Adopting a dose constraint lower than the dose limit to comply with the limit for the public is an attempt to improve the accuracy of the standard. However, the standard (dose constraint) becomes stricter as a result. Thus, for example, the above-mentioned comprehensible and most conservative assessment method cannot be used to demonstrate that a conventional radiation protection measure is usable. It is necessary to carry out accurate dose assessment specific to each facility. In reality, it will be necessary to prove that far lower dose assessment results can be obtained. Accordingly, for example, to calculate the derived level for an entire country, more accurate dose assessment for all individual radiation facilities will be required. If a conclusion that a derived level specific to each facility is reasonably necessary, not only the regulatory system becomes complex, but also dose-assessment-related examination and application workloads increase for the regulatory authority and operators, respectively, leading to disadvantages.
·Paragraphs (57) and (146)-(148)
Numerical value should be given to define the very low dose range that should not be included in the evaluation of collective dose (e.g., a few mSv or less).
In the document, it is stated that it is inappropriate to calculate the number of hypothetical cases of cancer or heritable diseases on the basis of collective dose data obtained from a large number of people who received very low dose exposures. In addition, it is also stated that some restrictive conditions should be imposed on the evaluation of collective doses; i.e., the range of dose and period should be specified. These are synonymous to saying that the LNT hypothesis is not adopted in the very low dose range. We should remember the argument that led to the statement that the linearity of risk is limited to the dose range higher than “a few mSv” (ICRP, The evolution of the system of radiological protection: The justification for new ICRP recommendations, J. Radiol. Prot. 23, 129-142 (2003), Table 4). The lower applicable range for the collective dose and LNT hypothesis (e.g., few mSv) should be clearly specified on the basis of the background level due to natural radiation.
·Paragraph (230) should be deleted.
The ICRP recommendation should be used for radiation protection, but not as a guide for epidemiology. We should not make suggestions as if the collective dose is usable in epidemiological studies by citing a special case. This has already been stated in sections 3.2.1 and 4.5.7. It is important to emphasize this, but it is not necessary to repeat this here.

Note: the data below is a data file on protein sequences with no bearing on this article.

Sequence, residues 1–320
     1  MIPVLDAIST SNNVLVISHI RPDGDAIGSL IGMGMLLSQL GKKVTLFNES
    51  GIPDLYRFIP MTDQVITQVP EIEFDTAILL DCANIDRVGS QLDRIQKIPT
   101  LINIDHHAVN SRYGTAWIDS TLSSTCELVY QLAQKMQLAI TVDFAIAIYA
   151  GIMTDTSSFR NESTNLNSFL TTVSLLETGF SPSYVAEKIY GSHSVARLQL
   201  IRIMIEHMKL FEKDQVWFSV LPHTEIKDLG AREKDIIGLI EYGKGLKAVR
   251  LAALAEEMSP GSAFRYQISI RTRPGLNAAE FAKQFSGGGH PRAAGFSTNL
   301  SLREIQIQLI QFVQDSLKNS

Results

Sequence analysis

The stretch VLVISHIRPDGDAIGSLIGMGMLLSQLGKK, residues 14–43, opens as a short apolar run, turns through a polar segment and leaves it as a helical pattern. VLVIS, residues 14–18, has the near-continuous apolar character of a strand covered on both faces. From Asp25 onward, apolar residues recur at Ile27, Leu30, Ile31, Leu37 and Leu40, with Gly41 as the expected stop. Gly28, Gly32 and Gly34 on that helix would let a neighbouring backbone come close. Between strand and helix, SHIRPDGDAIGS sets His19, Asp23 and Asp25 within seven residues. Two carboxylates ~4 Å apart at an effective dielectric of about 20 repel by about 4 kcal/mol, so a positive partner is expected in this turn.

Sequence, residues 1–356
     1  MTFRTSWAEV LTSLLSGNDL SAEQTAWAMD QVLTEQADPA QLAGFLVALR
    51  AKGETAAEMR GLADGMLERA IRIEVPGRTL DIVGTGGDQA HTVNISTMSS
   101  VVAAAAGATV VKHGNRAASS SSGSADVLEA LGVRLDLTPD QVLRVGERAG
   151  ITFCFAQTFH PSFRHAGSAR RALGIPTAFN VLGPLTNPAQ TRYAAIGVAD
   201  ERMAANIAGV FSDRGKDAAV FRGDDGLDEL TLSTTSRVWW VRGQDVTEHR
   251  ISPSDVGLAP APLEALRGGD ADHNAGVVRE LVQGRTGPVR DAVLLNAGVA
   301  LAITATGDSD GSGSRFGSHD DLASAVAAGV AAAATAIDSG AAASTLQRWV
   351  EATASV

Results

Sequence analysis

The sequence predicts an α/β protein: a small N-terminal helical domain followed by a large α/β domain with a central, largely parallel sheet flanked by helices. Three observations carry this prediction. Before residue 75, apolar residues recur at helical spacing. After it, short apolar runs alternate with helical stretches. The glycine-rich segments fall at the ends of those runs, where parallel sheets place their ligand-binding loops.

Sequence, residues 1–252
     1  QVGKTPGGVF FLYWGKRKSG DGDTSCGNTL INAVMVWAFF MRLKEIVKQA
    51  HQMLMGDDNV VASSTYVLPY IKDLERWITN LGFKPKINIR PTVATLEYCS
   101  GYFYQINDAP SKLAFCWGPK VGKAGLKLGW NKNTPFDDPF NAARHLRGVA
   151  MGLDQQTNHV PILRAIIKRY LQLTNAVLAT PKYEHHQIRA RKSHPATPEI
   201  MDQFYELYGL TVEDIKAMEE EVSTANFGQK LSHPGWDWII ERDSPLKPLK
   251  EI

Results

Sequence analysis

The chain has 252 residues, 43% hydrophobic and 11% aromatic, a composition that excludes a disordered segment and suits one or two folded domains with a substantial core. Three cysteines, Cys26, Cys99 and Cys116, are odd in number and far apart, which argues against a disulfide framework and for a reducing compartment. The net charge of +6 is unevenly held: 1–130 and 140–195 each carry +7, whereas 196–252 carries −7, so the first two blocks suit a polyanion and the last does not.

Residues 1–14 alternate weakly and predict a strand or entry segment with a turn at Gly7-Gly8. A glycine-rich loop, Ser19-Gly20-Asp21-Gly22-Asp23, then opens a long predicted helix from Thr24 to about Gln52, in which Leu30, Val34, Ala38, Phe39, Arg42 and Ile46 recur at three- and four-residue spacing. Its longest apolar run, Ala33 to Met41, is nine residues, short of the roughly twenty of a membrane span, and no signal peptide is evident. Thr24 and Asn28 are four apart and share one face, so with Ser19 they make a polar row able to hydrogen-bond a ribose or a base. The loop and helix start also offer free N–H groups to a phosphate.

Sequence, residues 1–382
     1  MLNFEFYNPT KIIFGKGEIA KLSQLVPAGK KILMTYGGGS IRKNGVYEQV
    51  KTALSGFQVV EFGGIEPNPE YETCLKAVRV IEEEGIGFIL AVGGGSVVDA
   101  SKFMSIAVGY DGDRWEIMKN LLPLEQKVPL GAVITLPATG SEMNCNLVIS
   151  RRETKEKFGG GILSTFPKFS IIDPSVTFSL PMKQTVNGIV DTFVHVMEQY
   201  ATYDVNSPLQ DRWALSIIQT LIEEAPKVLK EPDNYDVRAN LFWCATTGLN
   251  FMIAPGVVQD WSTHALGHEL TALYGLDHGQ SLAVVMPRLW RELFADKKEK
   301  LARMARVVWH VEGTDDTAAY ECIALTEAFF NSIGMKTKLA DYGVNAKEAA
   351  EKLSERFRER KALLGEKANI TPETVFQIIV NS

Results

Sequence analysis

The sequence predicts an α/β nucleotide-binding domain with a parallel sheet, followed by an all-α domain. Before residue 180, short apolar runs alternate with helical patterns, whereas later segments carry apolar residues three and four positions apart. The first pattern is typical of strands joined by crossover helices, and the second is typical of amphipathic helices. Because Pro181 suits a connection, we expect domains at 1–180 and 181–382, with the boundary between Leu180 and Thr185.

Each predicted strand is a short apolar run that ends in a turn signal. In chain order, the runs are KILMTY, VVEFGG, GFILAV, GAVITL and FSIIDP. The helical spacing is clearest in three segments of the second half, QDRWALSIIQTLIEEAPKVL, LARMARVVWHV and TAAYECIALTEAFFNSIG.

·Paragraphs (55), (57)
“Scientific” should be deleted.
It is stated that for the purposes of radiological protection, LNT is scientifically reasonable... or scientifically plausible; however, LNT is a hypothesis introduced for radiation management for practical purposes. LNT is not a hypothesis based on scientific evidence; thus, the word “scientifically” is not appropriate.
The exemption principle should be stated accurately.
In the recommendation published in 1990 and the draft published in 2005, no expression on numerical values for exemption is included. Concrete numerical values are indicated in IAEA and other publications. On the other hand, in this recommendation, numerical values are given using an inaccurate expression as “around 10 micro Sv.” If numerical values are included in this recommendation, an accurate expression as “of the order of 10 micro Sv or less than” should be used on the basis of the expressions in ICRP Pub. 46 and IAEA BSS. Moreover, thus far, in both ICRP Pub. 46 and IAEA BSS, 1 man.Sv is adopted as the exemption criteria for not only individual dose but also collective doses. In this recommendation, the validity of collective dose calculated by summing very low doses that can be exempted from regulation is clearly contradicted. Therefore, it should be clearly stated that the collective dose of 1 man.Sv is not required as the criteria for exemption from now on.
·Paragraphs (152), (154)
Uncertainty should be allowed for future dose assessment.
Probability-based assessment is applicable for future dose assessment; the basic idea is put together in the foundation document “Assessing Dose of the Representative Individual for Radiation Protection of the Public” (to be published as Pub. 101). In this document, it is stated that it is appropriate to consider the concept of uncertainty in dose assessment to determine whether the current dose exceeds the previous dose limit and that the concept of uncertainty need not be considered in future dose assessment models and parameters. However, it does not reflect the idea of probability-based dose assessment, which is adopted in the foundation document related to the “Representative Individual.”